Air France Industries KLM Engineering & Maintenance is building up Airbus A220 support capabilities because it sees an opportunity to establish itself as the first airline MRO provider to offer nose-to-tail services on the new-generation aircraft.

In September, Air France is scheduled to receive the first of 60 A220-300s it ordered in 2019. The French flag carrier additionally took 30 options and 30 acquisition rights for the Pratt & Whitney PW1500G-powered twinjet, which entered service – under its original Bombardier CSeries branding – in 2016.

A220-300 in Airbus livery

Source: Airbus

The Airbus A220 during its demo tour of Asia in 2019

AFI KLM E&M vice-president component product Benjamin Moreau tells Cirium that the MRO provider sees a growing market for A220 support services “in all the regions” over the next decade. He describes the A220 as “one of the most resilient aircraft types” amid the pandemic and predicts it will play a key role for many operators in the post-Covid world.

Cirium fleet data shows that out of 163 A220s, some 32 – 13 A220-100s and 19 -300s – were listed as being in storage on 24 May. In addition to the delivered aircraft, Airbus has secured 494 orders, 130 options and 167 acquisition rights for the two models.

Among the type’s largest operators are Air Baltic, Air Canada, Delta Air Lines, EgyptAir, Korean Air and Swiss, while the largest order holders include Air France, US start-up Breeze Airways, JetBlue Airways and various lessors.


Like other airline-affiliated maintenance companies, AFI KLM E&M views the operational experience it gains through its parent carrier as a differentiator from pure MRO and OEM aftermarket service providers. “We believe there is a need from airlines worldwide to have an airline MRO providing solutions on the A220,” Moreau says. “Nobody is on the [A220] market with that kind of knowledge and added value for airlines.”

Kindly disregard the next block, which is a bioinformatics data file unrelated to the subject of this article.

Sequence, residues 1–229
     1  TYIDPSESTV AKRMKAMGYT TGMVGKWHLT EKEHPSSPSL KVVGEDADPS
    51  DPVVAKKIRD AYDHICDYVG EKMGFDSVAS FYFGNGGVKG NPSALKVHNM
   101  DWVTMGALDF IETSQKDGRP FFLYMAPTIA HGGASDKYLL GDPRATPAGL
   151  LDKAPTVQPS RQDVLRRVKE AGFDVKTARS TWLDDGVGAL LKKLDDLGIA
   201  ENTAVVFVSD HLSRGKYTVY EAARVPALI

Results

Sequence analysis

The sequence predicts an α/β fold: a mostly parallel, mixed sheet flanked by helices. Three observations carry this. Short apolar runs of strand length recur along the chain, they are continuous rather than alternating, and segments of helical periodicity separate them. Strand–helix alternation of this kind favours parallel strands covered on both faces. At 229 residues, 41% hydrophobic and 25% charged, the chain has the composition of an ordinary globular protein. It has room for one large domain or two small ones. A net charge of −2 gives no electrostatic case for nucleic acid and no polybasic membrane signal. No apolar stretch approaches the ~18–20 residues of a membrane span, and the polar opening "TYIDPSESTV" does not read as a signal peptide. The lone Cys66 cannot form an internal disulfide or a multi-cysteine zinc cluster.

Moreau acknowledges other MRO providers affiliated with A220 operators have made inroads in establishing support capabilities for the aircraft. Delta TechOps services PW1500Gs as a P&W aftermarket network partner – a role AFI KLM E&M is in the process of establishing for its engine shop in Orly – while Lufthansa Technik supports PW1500Gs at its regional engine shop in Alzey.

The German provider is additionally building up the capability at dedicated, Poland-based PW1000G overhaul provider EME Aero, jointly owned with P&W partner MTU.

However, AFI KLM E&M’s Moreau argues that no other airline MRO provider offers a full range of A220 services today. AFI KLM E&M will conduct airframe checks for its parent fleet and does not rule out such services could be offered to third-party customers. “Let’s see how the market evolves on that,” Moreau says. But the MRO group’s third-party business is mainly focused on more lucrative component and engine services. Moreau sees a particular opportunity in offering component services in combination with predictive maintenance solutions based on the experience of operating A220s and of developing analytics for other types.